Have you thought to ask who built your chassis?
Our Managing Director Chris Ramsden explains why it matters
Availability of stock and production timelines are two key issues when buying a lodge or park home in the current market, but it still pays to keep an eye on what you’re buying and ask questions about who built your chassis, Chris Ramsden advises.
There are benchmark build standards for the park and leisure home industry; BS 3632 for park homes and lodges suitable for residential or leisure use at any time of year and EN 1647 for holiday homes designed for seasonal use (otherwise known as statics).
There’s an easy way to check if your park home, lodge or holiday home has met these standards, as NCC member manufacturers’ homes carry an approved badge to signify that the home complies with the correct standard through their Product Approval scheme and is eligible for a Gold Shield Ten Year Warranty.
There are often many hundreds of component parts making up your home or holiday home, and you’ll also be able to see and assess the quality of those first-hand via visits to the manufacturer or looking at the show home models on parks. However, few buyers could be expected to know what they’re looking at with a chassis though, so will need to rely on the skills, knowledge and reputation of the manufacturer to have confidence that the home is built on the firmest foundations possible.
Most manufacturers outsource chassis construction and supply, and there are advantages and disadvantages to that, but in terms of quality and capability, we believe the choice is clear.
For example, here at Gateway Chassis Solutions, we have invested heavily in plant and equipment streamlining our processes, reducing the difference in price for a galvanised chassis, making them more accessible for buyers in coastal locations who would benefit most from that upgrade. We invested in our own lasering facility in-house, and that not only saves us time in production and transport, streamlining our process considerably, but it’s meant that we are less reliant on outside sources and influences for these parts.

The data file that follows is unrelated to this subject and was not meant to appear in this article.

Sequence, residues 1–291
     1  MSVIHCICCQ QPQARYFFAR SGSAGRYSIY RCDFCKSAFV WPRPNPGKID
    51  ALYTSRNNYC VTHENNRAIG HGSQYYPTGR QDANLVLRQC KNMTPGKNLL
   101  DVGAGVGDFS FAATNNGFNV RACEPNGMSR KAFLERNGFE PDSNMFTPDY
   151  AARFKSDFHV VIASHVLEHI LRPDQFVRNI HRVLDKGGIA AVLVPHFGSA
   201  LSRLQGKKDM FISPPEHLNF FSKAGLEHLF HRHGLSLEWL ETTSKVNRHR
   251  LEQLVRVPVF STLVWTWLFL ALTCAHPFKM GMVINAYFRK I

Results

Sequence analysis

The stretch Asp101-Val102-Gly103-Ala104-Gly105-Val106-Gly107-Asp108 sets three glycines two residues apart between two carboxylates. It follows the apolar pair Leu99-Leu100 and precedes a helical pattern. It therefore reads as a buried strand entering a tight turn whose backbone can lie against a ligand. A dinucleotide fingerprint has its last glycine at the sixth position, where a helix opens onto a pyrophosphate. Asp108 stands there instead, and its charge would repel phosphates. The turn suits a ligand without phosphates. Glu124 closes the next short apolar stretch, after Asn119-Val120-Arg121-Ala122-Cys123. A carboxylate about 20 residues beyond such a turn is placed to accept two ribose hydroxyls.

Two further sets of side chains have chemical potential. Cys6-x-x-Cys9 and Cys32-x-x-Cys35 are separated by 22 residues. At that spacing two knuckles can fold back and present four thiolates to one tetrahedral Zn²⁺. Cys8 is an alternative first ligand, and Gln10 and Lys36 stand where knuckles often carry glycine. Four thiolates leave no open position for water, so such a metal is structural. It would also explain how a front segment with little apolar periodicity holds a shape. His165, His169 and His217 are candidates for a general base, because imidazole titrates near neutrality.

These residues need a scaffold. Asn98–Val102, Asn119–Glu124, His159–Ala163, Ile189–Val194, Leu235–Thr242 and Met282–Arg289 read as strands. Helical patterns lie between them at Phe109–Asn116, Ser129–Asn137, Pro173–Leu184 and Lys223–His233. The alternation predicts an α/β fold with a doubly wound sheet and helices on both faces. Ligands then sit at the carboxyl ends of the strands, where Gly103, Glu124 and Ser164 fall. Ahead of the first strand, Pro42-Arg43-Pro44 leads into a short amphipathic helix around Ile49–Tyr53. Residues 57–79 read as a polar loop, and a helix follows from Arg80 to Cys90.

We have looked at every part of our own supply chain to ensure it is robust and put new measures into place to streamline it well ahead of the pandemic. We take pride and strive to ensure our chassis’ are accurate, well-built, delivered on time, offering the end buyer the best possible foundation for their home or holiday home within their budget.
In fact, our obsession with straight lines, quality and accuracy means manufacturing customers can be confident that our passion to consistently improve our chassis’ will be exactly as expected with no issues that would slow down their production either. Through our value-added engineering processes and the communication with our customers we ensure that strength is added strategically without adding unnecessary cost for the end buyer, and we work hand in hand with many of our manufacturing partners helping provide chassis solutions for innovative models before they are built.
We’re in at ground level in more ways than one, and that can be an invaluable source of support and expertise for our manufacturing partners to have on board. Those with in-house chassis production may have done that to avoid being subject to the chassis supplier’s fluctuating prices and priorities in terms of who they supply and on what timeline, and we understand that.
However, that argument can also be turned on its head as a dedicated out-of-house chassis supplier will have an expert team working hard and with a firm focus on helping to manage global challenges, and crucially will not want to lose a key customer in the manufacturer, working extremely hard to keep up with demand.
The chassis supplier could be their greatest asset in keeping production going, scaling up supply without adding risk for the manufacturer. And with decades of specialist experience on board, the quality and fit will be first class.
So, assuming the cost was the same, would you prefer your chassis built by an all-rounder or a specialist chassis manufacturer? We think we know the answer, and that’s exactly why you should ask the question.